Yale Roundtable Declaration

The Roundtable culminated with the jointly-authored publication of a "Data and Code Sharing Declaration demanding a resolution to the credibility crisis from the lack of reproducible research in computational science. It discusses actions computational scientists can take today to remedy the problem, as well as articulates "dream" tools and facilities needed for reproducible computational science in the future.

Rationale for the Roundtable

Scientific computation is emerging as absolutely central to today's scientific endeavor, but the prevalence of very relaxed practices is leading to a credibility crisis. Reproducible computational research, in which all details of the computations — code and data — are made conveniently available to others, is a necessary response to this crisis. This roundtable brought together leading thinkers and stakeholders from a variety of vantage points to discuss issues regarding reproducibility in computational science.

The sharing of computational research is affected by a broad range of factors, including the role of journals and peer review, funder requirements, standards within universities, legal frameworks, and computational tools and facilitators.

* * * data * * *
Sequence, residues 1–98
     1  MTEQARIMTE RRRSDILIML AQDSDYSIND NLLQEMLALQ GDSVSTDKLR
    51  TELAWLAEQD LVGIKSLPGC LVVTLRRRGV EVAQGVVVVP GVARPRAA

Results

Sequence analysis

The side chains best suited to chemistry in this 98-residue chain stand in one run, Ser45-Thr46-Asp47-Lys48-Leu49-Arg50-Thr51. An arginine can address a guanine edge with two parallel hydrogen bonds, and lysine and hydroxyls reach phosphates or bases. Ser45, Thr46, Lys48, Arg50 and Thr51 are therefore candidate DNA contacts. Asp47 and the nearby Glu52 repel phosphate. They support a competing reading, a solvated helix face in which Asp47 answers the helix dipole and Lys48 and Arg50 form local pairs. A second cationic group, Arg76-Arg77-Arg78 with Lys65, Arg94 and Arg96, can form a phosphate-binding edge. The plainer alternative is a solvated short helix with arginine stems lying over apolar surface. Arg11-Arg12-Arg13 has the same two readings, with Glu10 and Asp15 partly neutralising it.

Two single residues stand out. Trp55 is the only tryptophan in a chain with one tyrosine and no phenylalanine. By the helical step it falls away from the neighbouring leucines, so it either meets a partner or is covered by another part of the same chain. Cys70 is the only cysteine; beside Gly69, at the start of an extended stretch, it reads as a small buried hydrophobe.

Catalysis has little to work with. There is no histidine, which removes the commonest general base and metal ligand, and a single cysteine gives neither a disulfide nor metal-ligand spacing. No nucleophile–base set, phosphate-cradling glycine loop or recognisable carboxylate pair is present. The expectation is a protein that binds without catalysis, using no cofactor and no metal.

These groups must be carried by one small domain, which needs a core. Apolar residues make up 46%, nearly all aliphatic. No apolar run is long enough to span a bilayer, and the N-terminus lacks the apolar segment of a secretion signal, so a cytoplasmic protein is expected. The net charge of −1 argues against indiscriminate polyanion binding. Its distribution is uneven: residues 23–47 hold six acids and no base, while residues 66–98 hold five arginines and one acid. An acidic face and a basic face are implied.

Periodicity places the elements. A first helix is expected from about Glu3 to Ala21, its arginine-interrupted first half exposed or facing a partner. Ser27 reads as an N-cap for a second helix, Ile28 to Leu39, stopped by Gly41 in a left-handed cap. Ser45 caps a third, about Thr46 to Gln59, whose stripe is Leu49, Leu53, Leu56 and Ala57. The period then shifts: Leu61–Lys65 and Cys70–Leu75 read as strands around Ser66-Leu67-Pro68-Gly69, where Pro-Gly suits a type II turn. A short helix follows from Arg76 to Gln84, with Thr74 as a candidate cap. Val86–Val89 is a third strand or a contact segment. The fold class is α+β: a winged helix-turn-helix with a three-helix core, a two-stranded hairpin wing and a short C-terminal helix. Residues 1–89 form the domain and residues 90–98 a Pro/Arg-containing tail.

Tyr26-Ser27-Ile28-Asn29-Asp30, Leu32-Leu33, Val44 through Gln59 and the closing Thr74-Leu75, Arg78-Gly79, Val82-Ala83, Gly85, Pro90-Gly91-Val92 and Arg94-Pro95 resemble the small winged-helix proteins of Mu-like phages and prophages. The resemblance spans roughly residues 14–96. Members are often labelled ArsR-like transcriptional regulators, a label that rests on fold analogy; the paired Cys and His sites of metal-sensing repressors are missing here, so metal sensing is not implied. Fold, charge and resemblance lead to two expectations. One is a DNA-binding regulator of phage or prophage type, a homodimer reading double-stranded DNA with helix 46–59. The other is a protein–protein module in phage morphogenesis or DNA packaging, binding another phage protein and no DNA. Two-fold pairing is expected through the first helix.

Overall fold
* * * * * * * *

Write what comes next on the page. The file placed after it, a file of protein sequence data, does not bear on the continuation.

The inspiration for this roundtable came from the leadership of the genome research community in facilitating the open release of sequence data. That community gathered in Bermuda in 1996 to develop a cooperative strategy both for genome decoding and for managing the resulting data. "The principle of data availability had to be endorsed at the Bermuda meeting or else mutual trust would have been impossible." (Sulston, 2002). Their meeting resulted in the "Bermuda Principles" that shaped the data sharing practices among researchers, ensuring rapid data release. The convention of statement release continued as these principles were reaffirmed and extended 3 more times (most recently in Toronto in July 2009 resulting a Nature publication). In the computational research community more generally the incentives and pressures can differ from those attending to human genome sequencing, but producing a publishable document discussing reactions to data and code sharing in computational science was an important goal of this roundtable.

We have also published short topical thought pieces authored by participants, raising awareness of the issue of reproducibility in computational science.